Graduate Thesis Or Dissertation


Tracking Excited State Proton Transfer and Inhibition with Ultrafast Raman and Transient Absorption Spectroscopy Public Deposited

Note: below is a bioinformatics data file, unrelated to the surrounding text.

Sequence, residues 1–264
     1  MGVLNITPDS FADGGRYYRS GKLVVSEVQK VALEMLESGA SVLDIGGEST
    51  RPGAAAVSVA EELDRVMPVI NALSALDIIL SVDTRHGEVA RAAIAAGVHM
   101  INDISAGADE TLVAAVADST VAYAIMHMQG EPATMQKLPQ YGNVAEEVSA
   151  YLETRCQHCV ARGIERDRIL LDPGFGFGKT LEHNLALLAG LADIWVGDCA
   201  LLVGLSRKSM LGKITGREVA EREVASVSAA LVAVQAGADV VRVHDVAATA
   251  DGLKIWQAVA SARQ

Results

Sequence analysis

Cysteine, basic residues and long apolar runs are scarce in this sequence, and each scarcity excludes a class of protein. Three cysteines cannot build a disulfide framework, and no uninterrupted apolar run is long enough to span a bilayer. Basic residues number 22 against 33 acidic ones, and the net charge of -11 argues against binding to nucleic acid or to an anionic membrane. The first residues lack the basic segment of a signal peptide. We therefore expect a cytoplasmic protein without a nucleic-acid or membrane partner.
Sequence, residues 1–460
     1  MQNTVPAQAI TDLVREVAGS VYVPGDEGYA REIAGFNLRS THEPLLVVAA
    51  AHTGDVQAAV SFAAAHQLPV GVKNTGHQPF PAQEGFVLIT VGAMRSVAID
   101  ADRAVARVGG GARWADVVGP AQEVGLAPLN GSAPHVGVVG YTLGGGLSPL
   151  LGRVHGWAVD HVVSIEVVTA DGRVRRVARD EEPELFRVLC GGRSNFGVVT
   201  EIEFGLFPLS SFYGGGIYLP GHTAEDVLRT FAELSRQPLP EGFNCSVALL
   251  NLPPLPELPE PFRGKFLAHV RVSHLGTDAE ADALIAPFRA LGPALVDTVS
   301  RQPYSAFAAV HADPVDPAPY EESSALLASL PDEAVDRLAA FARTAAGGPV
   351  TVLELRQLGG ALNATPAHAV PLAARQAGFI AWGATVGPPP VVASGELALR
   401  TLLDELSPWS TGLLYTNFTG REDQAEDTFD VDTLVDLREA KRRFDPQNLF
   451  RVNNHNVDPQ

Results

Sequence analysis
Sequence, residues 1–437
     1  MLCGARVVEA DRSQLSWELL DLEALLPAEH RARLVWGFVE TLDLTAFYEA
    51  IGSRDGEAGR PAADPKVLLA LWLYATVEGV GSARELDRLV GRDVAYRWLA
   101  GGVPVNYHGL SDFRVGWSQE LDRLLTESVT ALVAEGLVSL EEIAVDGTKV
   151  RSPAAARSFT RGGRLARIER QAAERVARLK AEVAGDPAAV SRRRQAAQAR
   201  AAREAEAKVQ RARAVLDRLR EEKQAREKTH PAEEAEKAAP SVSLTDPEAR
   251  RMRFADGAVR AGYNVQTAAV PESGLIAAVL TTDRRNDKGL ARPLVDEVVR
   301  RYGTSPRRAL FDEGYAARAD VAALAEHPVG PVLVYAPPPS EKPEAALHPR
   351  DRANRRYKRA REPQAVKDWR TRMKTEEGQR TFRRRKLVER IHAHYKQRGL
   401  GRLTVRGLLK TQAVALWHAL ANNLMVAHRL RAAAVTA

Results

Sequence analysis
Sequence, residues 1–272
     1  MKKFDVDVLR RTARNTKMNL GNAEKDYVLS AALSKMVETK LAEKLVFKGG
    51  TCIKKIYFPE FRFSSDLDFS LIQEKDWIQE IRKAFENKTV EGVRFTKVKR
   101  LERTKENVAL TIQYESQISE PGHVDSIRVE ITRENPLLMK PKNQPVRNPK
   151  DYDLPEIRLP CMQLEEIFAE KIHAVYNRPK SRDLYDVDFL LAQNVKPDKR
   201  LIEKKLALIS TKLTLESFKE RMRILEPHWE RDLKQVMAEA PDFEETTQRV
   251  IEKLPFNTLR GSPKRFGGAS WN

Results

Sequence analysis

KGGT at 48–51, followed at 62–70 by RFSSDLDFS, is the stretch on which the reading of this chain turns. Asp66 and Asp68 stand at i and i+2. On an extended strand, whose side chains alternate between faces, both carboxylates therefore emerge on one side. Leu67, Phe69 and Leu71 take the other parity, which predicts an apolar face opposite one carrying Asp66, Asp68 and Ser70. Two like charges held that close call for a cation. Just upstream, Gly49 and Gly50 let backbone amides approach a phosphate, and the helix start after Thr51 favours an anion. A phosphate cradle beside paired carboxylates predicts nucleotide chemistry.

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  • In this dissertation, excited state proton transfer (ESPT) and its inhibition in solution and protein environments are revealed using both femtosecond transient absorption (fs-TA) spectroscopy and femtosecond stimulated Raman spectroscopy (FSRS). Using a tunable Raman pump to enhance transient vibrational features of the photoacidic chromophore HPTS in methanol and methanol acetate solution, the Raman modes from ca. 125−1700 cm-1 were collected through the first 600 ps following actinic photoexcitation. In pure methanol, ESPT from the weak photoacid is inhibited and solvation dynamics on a ~10 ps timescale account for the main energy dissipation pathways in the first excited state. Compared to a previous FSRS study performed on HPTS in methanol using an 800 nm Raman pump, the resonance enhancement afforded by a tunable Raman pump resulted in a significant increase in signal intensity allowing detailed analysis of solvation dynamics. To further explore the roles of solvation and vibrational cooling in the absence of ESPT, both Stokes and anti-Stokes FSRS spectra were collected with a series of Raman pump wavelengths spanning the excited state absorption of HTPS in methanol. Dramatic changes in the anti-Stokes lineshape were observed when the anti-Stokes pump and probe photons approach electronic resonance and both contribute to the four-wave mixing schemes that lead to the generation of the stimulated Raman scattering photons from a reactive potential energy surface. In the presence of the 1 M acetate ions, however, bimolecular diffusioncontrolled proton transfer from HPTS to acetate proceeds on a 30 ps timescale in methanol, which is confirmed by the intensity dynamics of vibrational modes assigned to the photoacid and the photobase as well as global analysis of the relevant electronic dynamics. The ESPT reaction onset was also found to be modulated by a low-frequency intermolecular hydrogen-bond stretching mode between the photoacid and the solvent. Analogously in proteins, local environment impacts the ability of the embedded chromophore to undergo ESPT. The dual-emission GEM-GECO1 biosensor consists of green fluorescent protein (GFP), calmodulin (CaM), and light chain kinase subunits, while allosteric binding of the Ca2+ ions changes the hydrogen bonding network around the hydroxy group of the GFP chromophore. In the absence of Ca2+, ESPT modulated by a low-frequency mode occurs on a ~30 ps timescale, much like HTPS in a methanol acetate solution (with green emission). When Ca2+ is bound, the chromophore relaxes within the first excited state over the course of hundreds of ps without undergoing ESPT, reminiscent of HPTS in pure methanol (with blue emission). Increased hydrophobicity and disruption of the H-bonding network around the chromophore in the protein pocket inhibits the proton transfer event. FSRS, especially tunable FSRS, has shown its power and versatility to follow both photoacid and photobase structural dynamics in the excited state and to elucidate contribution of processes like solvation, vibrational cooling, and proton transfer to the overall photochemical reaction.
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